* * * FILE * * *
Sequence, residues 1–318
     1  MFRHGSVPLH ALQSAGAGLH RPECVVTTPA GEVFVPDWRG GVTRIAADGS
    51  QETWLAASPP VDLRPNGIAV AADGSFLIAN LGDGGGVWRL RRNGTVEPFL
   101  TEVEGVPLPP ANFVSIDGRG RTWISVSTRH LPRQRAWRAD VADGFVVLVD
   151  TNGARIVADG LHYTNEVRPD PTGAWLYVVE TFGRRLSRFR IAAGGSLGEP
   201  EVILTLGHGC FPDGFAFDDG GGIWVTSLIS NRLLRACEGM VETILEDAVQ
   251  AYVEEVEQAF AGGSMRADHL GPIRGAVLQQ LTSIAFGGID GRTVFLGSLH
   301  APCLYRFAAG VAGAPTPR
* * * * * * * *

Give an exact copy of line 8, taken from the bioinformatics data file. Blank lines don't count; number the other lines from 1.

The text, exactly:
   301  APCLYRFAAG VAGAPTPR